Saylor Legislation Requires Performance-Based Budgeting
HARRISBURG - The House State Government Committee yesterday approved legislation authored by Rep. Stan Saylor (R-York) that would require the administration to deliver a budget each year that bases proposed funding for state agencies and departments on their performance in the prior fiscal year.

House Bill 726 would create the Performance, Accountability and Results Act, requiring state agencies to detail the cost of achieving the goal(s) for each program or activity they are undertaking with taxpayer monies. Also, in the subsequent budget year, they must report the actual outputs and outcomes achieved for each program activity in each agency and their actual costs.

“No business owner can go to a bank and ask for a loan to expand his or her operations without showing a detailed plan of past performances for the most recent years along with a plan and projected success for the expansion he or she is requesting a loan for,” Saylor said. “It is high time the taxpayers of Pennsylvania have a detailed accounting of how their money is being managed and whether the goals it is being spent on are being achieved.”

Specifically, agencies would be required to detail program goals at the mid-level and lower levels of the agency, including performance indicators that define whether the agencies’ use of taxpayer monies has been successful. Descriptions of the strategies for how the goals are to be achieved include all of the following:

o The processes, skills, technology, and other resources required to meet those goals.
o Any new initiative or program activity.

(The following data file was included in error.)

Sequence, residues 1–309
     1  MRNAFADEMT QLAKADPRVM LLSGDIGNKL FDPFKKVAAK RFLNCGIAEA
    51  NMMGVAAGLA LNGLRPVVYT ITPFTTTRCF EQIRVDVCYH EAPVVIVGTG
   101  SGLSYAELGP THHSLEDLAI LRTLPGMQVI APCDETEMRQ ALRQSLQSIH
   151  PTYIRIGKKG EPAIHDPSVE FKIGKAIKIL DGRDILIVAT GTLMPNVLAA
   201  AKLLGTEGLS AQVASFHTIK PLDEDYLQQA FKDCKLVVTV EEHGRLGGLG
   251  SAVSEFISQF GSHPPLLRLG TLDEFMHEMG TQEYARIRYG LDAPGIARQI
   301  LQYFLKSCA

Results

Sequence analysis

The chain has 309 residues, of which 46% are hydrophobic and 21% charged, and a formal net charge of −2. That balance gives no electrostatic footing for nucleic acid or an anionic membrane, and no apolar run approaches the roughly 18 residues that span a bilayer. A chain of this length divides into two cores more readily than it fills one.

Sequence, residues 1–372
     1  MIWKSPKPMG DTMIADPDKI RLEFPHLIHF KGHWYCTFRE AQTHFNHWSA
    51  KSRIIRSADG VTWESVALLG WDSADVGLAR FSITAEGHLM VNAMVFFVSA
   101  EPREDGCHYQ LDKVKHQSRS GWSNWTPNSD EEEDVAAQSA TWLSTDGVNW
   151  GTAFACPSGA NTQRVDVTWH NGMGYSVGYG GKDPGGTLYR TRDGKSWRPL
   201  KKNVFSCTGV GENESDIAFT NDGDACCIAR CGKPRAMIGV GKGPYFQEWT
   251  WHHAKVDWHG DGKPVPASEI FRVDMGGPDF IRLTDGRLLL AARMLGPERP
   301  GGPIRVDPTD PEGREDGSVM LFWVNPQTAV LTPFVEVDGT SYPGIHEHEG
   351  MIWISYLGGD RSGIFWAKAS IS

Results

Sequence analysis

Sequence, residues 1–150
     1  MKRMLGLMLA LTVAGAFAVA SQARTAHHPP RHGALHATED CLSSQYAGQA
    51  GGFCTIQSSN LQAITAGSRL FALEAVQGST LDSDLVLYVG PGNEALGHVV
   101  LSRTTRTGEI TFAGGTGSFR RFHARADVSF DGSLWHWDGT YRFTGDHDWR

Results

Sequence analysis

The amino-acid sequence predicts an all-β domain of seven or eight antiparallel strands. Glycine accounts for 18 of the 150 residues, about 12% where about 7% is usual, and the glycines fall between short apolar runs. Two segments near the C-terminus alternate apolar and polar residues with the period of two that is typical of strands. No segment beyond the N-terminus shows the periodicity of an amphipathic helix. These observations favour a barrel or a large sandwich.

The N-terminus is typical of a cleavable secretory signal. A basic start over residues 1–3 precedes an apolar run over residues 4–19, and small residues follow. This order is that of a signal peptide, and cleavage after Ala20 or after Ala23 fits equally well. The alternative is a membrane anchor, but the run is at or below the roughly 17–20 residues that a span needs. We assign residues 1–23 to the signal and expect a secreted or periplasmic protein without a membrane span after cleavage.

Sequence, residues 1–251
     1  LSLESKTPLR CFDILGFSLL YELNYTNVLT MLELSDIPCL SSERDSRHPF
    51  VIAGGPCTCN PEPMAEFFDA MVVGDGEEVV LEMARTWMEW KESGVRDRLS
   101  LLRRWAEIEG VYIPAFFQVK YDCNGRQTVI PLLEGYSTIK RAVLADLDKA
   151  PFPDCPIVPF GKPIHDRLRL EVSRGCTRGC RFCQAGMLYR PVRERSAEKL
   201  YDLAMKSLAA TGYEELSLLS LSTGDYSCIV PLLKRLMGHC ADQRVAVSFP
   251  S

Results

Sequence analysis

o Any new approaches or methods that will be adopted or revised.
o The means of avoiding unnecessary costs and expenditures.

The administration would be required to submit a budget that asks for no more money for each program than can be shown was a successful use of taxpayer money in the previous budget cycle. While the General Assembly would be free to lower or raise limits within the proposed budget, a paper trail of this nature makes more than just the head of the agency accountable for successes or failure.

“One of the biggest problems with the size of state agencies and departments is that the one person at the top often is the only one who takes the blame for wasted taxpayer dollars,” Saylor said. “But, as legislators who see these agency heads come and justify their money ‘asks’ each budget cycle, we know that many project failures and instances of wasted money have origins that are deeply institutionalized and difficult to root out. With this legislation, policy makers, the attorney general, and the auditor general will have the documentation available to justify eliminating budget line items, or entire departments, if the facts warrant it.”

House Majority Whip Stan Saylor
94th District, Pennsylvania House of Representatives

Media Contact: Charles Lardner
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